Not the tallest in the world, not the widest and not the oldest. But size is volume, and if you count the combination of its height, diameter and estimated bole volume you’ll find out that General Sherman, a giant sequoia located in the Giant Forest of Sequoia National Park in Tulare County, California, is the biggest tree in the world.
How big? 83.8 metres (275 ft) tall; a diameter of 7.7 metres (25 ft); an estimated bole volume of 1,487 cubic metres (52,513 cu ft). Pretty big. How old? Somewhere around 2300-2700 years on this planet. Before Jesus.
The tree is named after William Tecumseh Sherman, an American Civil War general in the Union army. In 1931, following comparisons with the nearby General Grant tree, General Sherman was identified as the largest tree in the world. As a result of the examinations was that wood volume became widely accepted as the standard for establishing and comparing the size of different trees.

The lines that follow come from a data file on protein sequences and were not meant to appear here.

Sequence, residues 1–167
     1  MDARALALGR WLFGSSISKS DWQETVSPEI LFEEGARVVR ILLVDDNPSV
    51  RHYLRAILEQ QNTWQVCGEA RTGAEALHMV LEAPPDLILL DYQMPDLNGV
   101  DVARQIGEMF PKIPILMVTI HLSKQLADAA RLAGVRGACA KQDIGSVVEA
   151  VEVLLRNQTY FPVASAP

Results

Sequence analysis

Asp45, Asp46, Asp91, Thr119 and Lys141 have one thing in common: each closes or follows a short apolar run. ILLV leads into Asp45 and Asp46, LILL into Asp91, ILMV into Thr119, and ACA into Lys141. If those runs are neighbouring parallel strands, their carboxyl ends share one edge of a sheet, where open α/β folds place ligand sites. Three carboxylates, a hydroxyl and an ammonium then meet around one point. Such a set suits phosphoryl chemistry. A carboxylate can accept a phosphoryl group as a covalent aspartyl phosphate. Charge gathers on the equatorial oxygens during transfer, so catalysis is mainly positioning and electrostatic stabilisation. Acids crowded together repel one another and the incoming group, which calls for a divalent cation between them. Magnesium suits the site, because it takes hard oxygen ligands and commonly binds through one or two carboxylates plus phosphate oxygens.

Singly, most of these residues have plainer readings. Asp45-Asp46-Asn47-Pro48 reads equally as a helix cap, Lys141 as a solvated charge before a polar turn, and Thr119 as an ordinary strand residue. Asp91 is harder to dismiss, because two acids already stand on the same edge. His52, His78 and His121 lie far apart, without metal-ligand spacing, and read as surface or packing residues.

Six years ago the largest of the tree’s broke off, probably due to a natural defense mechanism against adverse weather conditions. The branch, with a bigger circumference than the trunks of most trees, a diameter of over 2 metres (7 ft) and a length of over 30 metres (98 ft) smashed part of its enclosing fence and cratered the pavement of the walkway surrounding the tree.
Just for further info – The tallest tree in the world is the Hyperion tree, a coast redwood in Northern California, rising 115.61 metres (379.3 ft) from the ground, discovered in August 2006. The largest diameters in trees belong to a few Cypress and Baobab trees, while the oldest tree in the world is the Methuselah, a Great Basin Bristlecone Pine growing in Eastern California, estimated to be 4843-4844 years old.